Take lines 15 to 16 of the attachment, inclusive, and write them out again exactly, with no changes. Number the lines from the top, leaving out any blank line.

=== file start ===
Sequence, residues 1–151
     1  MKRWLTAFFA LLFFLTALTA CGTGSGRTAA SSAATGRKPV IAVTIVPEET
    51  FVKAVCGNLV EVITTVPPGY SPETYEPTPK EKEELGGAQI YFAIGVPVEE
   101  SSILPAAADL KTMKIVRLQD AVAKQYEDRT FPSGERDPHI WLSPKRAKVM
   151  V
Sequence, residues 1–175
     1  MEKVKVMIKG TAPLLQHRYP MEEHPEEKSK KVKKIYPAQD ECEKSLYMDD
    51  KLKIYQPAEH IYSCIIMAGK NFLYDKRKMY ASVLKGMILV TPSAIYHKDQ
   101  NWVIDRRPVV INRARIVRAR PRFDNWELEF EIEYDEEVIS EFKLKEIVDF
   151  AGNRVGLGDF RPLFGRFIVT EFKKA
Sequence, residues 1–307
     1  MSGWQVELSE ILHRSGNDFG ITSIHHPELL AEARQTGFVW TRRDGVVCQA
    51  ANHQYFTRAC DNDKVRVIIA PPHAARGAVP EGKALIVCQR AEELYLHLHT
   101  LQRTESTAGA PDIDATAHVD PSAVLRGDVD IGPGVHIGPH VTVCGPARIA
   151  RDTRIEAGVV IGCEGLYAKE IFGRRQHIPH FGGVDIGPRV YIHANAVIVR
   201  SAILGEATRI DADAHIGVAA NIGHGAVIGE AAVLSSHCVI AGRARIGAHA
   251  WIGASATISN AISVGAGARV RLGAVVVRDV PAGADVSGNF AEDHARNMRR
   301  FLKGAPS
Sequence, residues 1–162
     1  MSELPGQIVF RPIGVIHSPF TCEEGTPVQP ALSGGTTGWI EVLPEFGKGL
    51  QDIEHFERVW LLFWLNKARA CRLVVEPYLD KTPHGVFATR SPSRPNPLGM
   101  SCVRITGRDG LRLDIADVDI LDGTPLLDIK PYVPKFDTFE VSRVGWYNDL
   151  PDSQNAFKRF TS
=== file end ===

   151  RDTRIEAGVV IGCEGLYAKE IFGRRQHIPH FGGVDIGPRV YIHANAVIVR
   201  SAILGEATRI DADAHIGVAA NIGHGAVIGE AAVLSSHCVI AGRARIGAHA